Circle of forces

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The circle of forces, traction circle, friction circle,[1] or friction ellipse[2][3][4] is a useful way to think about the dynamic interaction between a vehicle's tire and the road surface. In the diagram below we are looking at the tire from above, so that the road surface lies in the x-y plane. The vehicle that the tire is attached to is moving in the positive y direction.

Circle of Forces

In this example, the vehicle would be cornering to the right (i.e. the positive x direction points to the center of the corner). Note that the plane of rotation of the tire is at an angle to the actual direction that the tire is moving (the positive y direction). That angle is the slip angle.

A tire can generate horizontal force where it meets the road surface by the mechanism of slip. That force is represented in the diagram by the vector F. Note that in this example F is perpendicular to the plane of the tire. That is because the tire is rolling freely, with no torque applied to it by the vehicle's brakes or drive train. However, that is not always the case.

The magnitude of F is limited by the dashed circle, but it can be any combination of the components Fx and Fy that does not exceed the dashed circle.[3] (For a real-world tire, the circle is likely to be closer to an ellipse, with the y axis slightly longer than the x axis.)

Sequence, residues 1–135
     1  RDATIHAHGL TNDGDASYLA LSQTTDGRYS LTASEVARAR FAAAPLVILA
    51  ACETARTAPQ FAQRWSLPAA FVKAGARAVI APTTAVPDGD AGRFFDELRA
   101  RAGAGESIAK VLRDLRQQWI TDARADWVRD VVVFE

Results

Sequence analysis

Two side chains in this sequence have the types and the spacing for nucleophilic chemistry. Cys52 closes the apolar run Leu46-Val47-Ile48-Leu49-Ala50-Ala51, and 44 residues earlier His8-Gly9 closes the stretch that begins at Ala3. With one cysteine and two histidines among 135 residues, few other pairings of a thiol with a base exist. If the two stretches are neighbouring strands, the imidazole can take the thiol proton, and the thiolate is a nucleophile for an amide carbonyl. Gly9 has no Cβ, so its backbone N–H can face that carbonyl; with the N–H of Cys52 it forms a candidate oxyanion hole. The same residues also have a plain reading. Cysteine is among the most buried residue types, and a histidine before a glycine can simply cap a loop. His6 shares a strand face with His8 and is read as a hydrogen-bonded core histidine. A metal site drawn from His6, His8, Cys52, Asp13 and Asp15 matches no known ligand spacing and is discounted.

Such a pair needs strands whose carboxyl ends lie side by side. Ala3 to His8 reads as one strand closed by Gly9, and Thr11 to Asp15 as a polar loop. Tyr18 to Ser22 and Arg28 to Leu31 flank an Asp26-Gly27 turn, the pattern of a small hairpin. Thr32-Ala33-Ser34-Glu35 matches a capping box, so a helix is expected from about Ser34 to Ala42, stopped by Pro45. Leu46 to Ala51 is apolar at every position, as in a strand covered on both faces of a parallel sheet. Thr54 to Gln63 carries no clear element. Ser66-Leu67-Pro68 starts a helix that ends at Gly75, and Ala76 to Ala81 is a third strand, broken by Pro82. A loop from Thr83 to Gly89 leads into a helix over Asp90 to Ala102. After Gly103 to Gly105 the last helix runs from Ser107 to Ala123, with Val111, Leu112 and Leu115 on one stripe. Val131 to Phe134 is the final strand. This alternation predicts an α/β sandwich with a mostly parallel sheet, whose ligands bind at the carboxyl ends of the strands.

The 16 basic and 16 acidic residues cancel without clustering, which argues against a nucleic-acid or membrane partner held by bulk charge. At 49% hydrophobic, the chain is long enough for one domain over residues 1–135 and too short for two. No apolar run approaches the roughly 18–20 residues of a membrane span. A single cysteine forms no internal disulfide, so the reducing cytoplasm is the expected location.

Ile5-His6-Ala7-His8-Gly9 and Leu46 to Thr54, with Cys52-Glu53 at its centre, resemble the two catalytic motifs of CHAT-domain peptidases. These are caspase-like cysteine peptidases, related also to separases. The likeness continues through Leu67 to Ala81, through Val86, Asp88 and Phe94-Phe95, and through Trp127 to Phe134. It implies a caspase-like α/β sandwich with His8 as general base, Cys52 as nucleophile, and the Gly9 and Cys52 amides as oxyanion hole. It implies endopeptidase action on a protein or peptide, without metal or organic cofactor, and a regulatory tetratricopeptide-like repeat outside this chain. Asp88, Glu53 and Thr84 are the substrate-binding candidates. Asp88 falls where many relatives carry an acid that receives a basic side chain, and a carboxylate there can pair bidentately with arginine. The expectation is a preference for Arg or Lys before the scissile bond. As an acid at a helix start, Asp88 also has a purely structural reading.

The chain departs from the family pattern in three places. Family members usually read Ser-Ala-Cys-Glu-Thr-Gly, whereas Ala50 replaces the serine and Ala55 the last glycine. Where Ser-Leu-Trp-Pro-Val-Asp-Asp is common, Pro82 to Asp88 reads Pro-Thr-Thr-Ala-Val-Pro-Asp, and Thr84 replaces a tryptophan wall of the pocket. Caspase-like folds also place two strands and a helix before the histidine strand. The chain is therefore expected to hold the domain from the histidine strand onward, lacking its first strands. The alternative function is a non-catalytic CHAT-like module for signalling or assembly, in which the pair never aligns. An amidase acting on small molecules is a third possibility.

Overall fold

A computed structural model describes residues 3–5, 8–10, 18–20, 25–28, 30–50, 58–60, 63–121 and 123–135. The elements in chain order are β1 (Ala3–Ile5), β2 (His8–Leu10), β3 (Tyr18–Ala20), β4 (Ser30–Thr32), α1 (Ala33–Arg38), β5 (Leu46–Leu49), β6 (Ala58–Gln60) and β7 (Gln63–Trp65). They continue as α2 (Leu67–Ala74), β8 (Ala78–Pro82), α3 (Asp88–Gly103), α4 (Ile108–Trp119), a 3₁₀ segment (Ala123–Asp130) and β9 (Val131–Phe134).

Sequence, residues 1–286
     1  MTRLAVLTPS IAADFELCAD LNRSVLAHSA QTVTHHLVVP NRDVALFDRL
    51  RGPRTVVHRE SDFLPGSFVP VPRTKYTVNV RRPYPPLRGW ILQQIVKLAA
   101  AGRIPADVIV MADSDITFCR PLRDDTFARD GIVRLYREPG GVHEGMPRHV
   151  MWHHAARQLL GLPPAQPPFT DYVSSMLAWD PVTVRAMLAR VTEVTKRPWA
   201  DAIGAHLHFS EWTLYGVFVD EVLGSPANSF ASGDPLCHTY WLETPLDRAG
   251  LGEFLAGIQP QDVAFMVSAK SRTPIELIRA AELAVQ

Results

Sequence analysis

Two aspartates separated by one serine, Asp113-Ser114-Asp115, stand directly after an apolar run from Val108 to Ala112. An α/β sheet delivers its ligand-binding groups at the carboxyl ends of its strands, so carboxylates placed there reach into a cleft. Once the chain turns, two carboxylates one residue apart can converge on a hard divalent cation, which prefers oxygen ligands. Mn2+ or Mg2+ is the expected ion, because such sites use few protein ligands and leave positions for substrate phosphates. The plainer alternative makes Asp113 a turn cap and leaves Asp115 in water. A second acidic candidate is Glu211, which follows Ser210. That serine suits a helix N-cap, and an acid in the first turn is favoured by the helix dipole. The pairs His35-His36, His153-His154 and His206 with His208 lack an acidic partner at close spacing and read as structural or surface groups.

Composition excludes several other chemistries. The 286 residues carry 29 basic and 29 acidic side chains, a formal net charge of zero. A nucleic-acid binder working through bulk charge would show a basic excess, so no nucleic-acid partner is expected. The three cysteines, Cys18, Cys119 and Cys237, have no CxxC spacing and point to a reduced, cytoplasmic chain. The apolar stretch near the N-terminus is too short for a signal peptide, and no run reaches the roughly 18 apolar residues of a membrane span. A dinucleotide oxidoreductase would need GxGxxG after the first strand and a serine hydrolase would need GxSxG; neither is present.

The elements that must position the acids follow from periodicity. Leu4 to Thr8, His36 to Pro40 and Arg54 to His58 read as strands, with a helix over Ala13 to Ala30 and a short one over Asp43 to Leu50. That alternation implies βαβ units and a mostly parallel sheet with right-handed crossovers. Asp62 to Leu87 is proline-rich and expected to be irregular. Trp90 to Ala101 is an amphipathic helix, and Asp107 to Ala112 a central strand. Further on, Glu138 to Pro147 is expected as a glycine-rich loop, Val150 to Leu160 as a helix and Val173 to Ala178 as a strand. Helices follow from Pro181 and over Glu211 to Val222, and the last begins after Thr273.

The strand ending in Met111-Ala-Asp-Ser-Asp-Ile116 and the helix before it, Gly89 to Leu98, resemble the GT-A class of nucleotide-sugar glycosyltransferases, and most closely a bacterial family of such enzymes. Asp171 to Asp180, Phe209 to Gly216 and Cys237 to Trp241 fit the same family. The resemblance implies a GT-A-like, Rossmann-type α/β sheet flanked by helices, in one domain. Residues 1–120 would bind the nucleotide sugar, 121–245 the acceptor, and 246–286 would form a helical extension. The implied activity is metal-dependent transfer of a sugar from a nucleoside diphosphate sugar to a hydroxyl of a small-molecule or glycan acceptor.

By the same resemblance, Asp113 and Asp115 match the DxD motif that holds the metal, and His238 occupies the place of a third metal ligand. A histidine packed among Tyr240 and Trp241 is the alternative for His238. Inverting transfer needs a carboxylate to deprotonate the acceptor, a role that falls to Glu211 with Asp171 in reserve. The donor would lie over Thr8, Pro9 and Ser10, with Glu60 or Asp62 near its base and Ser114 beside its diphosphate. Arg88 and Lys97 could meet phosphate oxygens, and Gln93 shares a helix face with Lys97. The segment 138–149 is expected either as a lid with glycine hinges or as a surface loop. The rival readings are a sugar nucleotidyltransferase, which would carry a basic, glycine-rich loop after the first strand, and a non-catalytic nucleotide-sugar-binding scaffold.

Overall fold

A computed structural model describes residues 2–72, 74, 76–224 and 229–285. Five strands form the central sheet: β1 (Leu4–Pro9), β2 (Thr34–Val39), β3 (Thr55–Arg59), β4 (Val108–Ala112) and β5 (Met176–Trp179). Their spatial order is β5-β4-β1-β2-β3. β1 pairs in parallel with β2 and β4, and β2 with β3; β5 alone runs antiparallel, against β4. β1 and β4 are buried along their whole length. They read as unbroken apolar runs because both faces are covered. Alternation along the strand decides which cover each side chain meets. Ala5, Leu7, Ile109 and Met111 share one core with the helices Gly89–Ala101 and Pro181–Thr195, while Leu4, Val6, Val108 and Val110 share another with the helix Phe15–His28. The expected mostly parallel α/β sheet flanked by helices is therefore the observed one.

In the example, the tire is generating a component of force in the x direction (Fx) which, when transferred to the vehicle's chassis via the suspension system in combination with similar forces from the other tires, will cause the vehicle to turn to the right. Note that there is also a small component of force in the negative y direction (Fy). This represents drag that will, if not countered by some other force, cause the vehicle to decelerate. Drag of this kind is an unavoidable consequence of the mechanism of slip, by which the tire generates lateral force.

The diameter of the circle of forces, and therefore the maximum horizontal force that the tire can generate, is affected by many things, including the design of the tire and its condition (age and temperature, for example), the qualities of the road surface, and the vertical load on the tire.

See also[edit]

References[edit]

  1. ^ Pacejka, Hans B. (2006). Tire and Vehicle Dynamics (2nd ed.). Society of Automotive Engineers, Inc. p. 5. ISBN 0-7680-1702-5. "The total horizontal frictional force F cannot exceed the maximum value (radius of the 'friction circle')." 
  2. ^ Cossalter, Vittore (2006). Motorcycle Dynamics (Second ed.). Lulu.com. p. 64. ISBN 978-1-4303-0861-4. 
  3. ^ a b Foale, Tony (2006). Motorcycle Handling and Chassis Design (Second ed.). Tony Foale Designs. pp. 2–29. ISBN 978-84-933286-3-4. "A much used graphical aid to understanding how corning and traction (braking and driving) forces combine is the so called "friction ellipse"." 
  4. ^ Wong, Jo Yung (2008). Theory of ground vehicles (Second ed.). Wiley. pp. 52–53. ISBN 978-0-470-17038-0.